RS: Yes, and it doesn’t have to be much. That’s the thing I tell people now who are just starting out or thinking about doing something similar. It’s not like you need a thousand people or ten thousand people on that first day. My goal that I set for Kickstarter was to print 300 copies of the book and send them to people. For any real commercial publishing endeavor, that’s not enough. (laughs) But before that, I had published zero books and I had zero readers. It’s really encouraging just to know that there’s a group of people of any size out there waiting for it.

It was a neat opportunity too. The fact that I was writing it as the project was unfolding and as people were backing it and essentially pre-ordering the book, [meant that] I got to have a conversation about the process and talk about what I was doing and decisions I was making and give people glimpses without spoiling the story. That was actually a really fun experience.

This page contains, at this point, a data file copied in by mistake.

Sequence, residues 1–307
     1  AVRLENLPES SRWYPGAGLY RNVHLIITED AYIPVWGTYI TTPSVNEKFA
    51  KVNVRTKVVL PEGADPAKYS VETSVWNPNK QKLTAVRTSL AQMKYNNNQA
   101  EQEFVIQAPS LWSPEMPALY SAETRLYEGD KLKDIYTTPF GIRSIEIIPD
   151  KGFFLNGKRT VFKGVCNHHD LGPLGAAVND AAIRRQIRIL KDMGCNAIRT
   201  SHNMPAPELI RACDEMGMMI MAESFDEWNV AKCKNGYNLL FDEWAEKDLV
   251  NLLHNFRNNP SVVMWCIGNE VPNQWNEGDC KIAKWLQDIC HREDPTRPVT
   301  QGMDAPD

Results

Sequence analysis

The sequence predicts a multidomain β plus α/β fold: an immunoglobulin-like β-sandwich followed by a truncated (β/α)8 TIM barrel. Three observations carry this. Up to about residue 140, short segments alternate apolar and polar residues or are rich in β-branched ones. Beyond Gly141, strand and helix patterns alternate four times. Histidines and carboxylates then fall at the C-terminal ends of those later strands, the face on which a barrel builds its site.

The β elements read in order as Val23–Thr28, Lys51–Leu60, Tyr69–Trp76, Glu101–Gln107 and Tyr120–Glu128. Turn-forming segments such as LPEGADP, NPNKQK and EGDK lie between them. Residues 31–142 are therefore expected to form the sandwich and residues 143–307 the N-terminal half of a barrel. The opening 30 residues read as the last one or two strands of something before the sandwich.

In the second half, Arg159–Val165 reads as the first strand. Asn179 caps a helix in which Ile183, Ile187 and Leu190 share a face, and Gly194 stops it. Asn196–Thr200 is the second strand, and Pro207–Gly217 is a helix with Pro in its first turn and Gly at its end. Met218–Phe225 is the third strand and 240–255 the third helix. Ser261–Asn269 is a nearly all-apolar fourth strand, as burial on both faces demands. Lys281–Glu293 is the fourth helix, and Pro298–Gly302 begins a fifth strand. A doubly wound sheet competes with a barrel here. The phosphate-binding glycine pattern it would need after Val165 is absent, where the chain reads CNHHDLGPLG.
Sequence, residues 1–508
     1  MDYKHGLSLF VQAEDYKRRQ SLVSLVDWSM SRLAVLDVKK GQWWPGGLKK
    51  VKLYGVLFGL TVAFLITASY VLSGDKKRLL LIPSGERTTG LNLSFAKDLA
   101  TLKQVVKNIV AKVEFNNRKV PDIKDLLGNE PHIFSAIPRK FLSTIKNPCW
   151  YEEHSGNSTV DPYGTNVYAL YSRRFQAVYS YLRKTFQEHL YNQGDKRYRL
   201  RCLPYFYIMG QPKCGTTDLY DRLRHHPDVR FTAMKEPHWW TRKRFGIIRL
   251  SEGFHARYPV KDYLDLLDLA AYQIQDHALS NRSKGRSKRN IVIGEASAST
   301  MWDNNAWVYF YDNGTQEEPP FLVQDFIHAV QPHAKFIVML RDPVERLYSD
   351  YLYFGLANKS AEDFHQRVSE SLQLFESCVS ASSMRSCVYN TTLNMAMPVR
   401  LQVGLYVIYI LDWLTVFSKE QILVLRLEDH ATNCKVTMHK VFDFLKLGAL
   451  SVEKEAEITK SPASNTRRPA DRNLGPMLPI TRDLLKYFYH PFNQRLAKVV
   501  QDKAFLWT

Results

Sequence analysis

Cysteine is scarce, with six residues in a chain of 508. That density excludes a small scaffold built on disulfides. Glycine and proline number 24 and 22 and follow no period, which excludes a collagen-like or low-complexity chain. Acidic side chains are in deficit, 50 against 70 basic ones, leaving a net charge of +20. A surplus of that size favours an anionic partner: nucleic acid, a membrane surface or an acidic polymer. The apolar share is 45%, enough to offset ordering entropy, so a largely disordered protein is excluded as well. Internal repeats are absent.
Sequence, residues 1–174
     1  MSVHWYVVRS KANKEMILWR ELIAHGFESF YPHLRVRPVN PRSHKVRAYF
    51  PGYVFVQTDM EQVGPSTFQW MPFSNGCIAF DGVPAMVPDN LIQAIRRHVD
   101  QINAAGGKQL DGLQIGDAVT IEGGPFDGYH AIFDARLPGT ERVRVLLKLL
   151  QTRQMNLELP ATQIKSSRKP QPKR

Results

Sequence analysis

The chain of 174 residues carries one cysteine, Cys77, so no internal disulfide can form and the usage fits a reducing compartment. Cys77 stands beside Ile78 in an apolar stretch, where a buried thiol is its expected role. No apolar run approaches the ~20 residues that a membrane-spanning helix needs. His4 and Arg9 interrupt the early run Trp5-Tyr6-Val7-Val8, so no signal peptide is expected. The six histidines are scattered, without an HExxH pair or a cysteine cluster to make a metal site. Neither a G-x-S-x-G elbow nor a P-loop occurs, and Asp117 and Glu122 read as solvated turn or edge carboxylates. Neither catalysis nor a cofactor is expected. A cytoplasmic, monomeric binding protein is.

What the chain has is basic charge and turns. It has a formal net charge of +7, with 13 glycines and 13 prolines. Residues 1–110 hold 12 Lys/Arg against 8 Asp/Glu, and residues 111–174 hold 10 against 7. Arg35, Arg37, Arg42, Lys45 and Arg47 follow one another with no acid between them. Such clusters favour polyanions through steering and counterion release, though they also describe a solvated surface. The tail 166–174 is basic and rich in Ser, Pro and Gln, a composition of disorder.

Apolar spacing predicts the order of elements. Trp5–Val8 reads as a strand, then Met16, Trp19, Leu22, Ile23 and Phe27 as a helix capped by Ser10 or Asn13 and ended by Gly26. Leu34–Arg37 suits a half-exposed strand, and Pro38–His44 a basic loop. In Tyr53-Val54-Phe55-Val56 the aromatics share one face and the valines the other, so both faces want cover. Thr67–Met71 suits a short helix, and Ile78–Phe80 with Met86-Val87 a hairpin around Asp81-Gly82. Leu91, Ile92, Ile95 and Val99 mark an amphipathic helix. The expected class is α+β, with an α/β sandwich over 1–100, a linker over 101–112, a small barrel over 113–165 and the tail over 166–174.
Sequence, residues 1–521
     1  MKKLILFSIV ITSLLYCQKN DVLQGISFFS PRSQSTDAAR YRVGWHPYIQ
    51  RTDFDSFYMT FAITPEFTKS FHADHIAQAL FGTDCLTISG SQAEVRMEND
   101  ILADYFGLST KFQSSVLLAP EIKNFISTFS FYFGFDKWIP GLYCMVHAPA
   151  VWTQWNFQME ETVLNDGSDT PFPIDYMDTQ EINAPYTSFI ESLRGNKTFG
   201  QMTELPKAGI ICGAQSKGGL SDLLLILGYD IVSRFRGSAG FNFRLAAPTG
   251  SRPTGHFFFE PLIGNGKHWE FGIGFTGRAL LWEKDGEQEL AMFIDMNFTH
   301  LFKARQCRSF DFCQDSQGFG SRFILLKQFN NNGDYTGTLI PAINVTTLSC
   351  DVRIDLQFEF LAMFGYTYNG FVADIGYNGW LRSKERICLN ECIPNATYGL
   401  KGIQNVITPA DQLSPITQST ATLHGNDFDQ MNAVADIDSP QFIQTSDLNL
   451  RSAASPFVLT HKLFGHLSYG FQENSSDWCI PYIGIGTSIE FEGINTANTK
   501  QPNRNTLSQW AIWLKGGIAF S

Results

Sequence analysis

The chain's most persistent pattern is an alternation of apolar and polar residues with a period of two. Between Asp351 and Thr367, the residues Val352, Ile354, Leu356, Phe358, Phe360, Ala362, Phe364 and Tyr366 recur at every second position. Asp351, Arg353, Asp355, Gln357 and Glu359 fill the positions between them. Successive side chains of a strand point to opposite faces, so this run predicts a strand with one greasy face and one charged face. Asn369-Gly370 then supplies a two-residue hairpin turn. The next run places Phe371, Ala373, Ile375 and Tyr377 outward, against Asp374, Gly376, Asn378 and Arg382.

PL: When you started the campaign, did you have any idea of all the changes in your life that would take place—that you would leave your full-time job to become a writer?

No, definitely not. It was the early days of Kickstarter too. Kickstarter was very much an unknown quantity. I can remember very well the terror of hitting that “start project” button and really not knowing what would come next. I had no idea if the project would even be successful.

I would say that the decision to leave my job and really focus on [the book] was partially because I had gotten more support than I had expected, and it was an exciting opportunity. But there was a bit of fear there too. I had created sort of a trap for myself. I had pledged that I would finish this book and I was going to make it good. And suddenly, all these people whose names I recognized, who I really respected, were appearing on this list of backers and man, it turns out that’s a really effective motivator. I didn’t want to let those people down. I wanted to make something really good—at least as good as I could make it at that time—and really make them feel like it was worth it to support this project. So in some ways, I thought, “I have no choice. I need to do this, because the alternative is just too horrifying.”

PL: You had to be accountable.